- GBridge (http://www.gbridge.com)
Also mentioned above, provides VPN connectivity.
File / Picture Sharing on the go
- Web: Dropio (http://drop.io)
A great filesharing website that allows you to share a big (or small) file with people. It quite robust actually, and allows faxing from there, and for a small fee, you can even receive faxes. The best part is that you can assign drops for each individual and give certain permissions to each of the boxes. I would check it out if you are looking for a convenient way to share files.
- Web: FileShaker (http://www.fileshaker.com)
Seems to be a new kid on the block, but allows up to 10Gb file uploads, so it makes things very convenient.
- Web: YouSendIt – DropLoad (http://yousendit.com , http://dropload.com)
These ones started as being good free products, but as soon as they got popular, they became payware, and since I always look for free products, these ones sort of fell off the list. they were good while they lasted though 🙂
- Web: PipeBytes (http://www.pipebytes.com)
This one has a slightly different concept than the rest of the file sharing sites, in that it allows for a “receiving code” that will show the sender when the receiver started downloading the file. it’s a very good solution for when a video is being sent, as it treats a video as a streaming one, and the recipient can start watching before the full download is over. quite handy…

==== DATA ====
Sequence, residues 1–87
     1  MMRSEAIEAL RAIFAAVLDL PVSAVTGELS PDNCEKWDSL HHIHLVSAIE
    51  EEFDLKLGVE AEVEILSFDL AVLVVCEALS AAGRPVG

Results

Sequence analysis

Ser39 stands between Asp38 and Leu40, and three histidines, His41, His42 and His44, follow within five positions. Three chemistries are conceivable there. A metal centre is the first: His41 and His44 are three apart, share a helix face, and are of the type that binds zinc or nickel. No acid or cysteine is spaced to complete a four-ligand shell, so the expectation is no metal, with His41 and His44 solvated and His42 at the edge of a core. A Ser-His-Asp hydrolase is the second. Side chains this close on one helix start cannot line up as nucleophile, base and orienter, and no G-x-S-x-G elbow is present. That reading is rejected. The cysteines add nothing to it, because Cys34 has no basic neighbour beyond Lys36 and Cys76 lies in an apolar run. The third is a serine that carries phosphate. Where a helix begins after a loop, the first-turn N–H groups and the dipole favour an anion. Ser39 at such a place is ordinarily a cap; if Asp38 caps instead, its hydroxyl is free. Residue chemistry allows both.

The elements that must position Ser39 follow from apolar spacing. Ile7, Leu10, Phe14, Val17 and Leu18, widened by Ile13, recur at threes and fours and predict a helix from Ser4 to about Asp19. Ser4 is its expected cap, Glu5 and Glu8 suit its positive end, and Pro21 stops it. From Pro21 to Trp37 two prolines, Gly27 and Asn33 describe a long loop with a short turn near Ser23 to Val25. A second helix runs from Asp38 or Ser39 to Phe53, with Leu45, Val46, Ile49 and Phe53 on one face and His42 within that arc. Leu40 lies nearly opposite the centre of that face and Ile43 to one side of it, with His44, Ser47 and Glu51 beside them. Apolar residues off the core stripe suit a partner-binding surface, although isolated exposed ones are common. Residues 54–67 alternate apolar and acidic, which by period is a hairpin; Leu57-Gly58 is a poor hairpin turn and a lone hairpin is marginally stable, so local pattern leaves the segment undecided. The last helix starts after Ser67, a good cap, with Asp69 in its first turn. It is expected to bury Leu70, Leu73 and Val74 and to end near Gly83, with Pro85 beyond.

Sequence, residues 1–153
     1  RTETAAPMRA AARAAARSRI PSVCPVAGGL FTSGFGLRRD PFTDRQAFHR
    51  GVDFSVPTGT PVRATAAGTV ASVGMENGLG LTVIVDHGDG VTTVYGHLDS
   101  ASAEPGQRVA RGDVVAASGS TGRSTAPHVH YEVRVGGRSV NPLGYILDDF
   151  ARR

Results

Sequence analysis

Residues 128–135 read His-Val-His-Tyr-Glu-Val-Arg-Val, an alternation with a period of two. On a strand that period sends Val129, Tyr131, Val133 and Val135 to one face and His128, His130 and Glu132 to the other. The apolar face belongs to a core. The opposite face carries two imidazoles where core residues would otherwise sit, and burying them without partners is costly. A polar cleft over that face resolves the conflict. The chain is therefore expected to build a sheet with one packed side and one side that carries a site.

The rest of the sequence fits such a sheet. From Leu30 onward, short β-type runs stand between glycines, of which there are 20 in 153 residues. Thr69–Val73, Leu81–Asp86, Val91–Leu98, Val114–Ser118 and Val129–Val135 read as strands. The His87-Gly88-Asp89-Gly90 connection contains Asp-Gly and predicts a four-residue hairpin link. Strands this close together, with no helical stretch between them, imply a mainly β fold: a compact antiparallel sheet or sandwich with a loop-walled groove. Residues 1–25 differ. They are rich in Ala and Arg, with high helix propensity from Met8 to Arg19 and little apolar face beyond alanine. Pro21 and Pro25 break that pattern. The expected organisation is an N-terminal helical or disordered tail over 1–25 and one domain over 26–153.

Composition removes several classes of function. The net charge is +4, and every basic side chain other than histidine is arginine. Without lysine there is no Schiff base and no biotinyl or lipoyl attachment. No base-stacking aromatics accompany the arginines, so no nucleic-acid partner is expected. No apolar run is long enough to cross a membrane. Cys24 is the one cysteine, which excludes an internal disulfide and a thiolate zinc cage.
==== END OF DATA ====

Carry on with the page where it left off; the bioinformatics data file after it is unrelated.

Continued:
- Web: rarhost (http://www.rarhost.com)
This one sort of falls in a the “specialty” category. It only processes RAR files. Though it claims to do it quite well, and can even process split rars, etc … I haven’t played with this one yet, but it looks pretty cool, if you’re dealing with rar files. Unfortunately, rar is not a very common compression format for the average user, hence it belonging to the “specialty” category.
- Web: TinyPic (http://www.tinypic.com)
That’s a nice way to be able to quickly share a picture. it’s simple: you upload a picture, and you give the URL to the recipient. The URLs (or code) that you get back after the upload actually work for a direct link, html, or embedded object, and a number of other formats, so it makes it convenient to share the picture wherever you are.
- Web: Picoodle.com (http://www.picoodle.com)
Picoodle is almost exactly like TinyPic, only, you’re able to have an account and keep track of which pictures you uploaded and resend their links at a later time. With TinyPic, if you lost the link, then you’d better re-upload the picture
Online Video Downloading / File conversion
- ZamZar (http://www.zamzar.com)
One of my personal favorites, it pretty much can convert anything to anything, and even allows downloading an online video, convert it to any format you want, and send you the link to download it (good for YouTube downloads)
- Media-Convert (http://media-convert.com)
This one also works, and is very close in its functionality to ZamZar.
- VidDownloader (http://www.viddownloader.com)
This one is not as veratile, it’s only for downloading online streaming videos to your computer. I haven’t tried it many times, but the couple of times I did, it seemed to work good.
I hope you found this list beneficial. I use one or more of these tools at least once a day. Do you have any cool tools that you use that you’d like to share?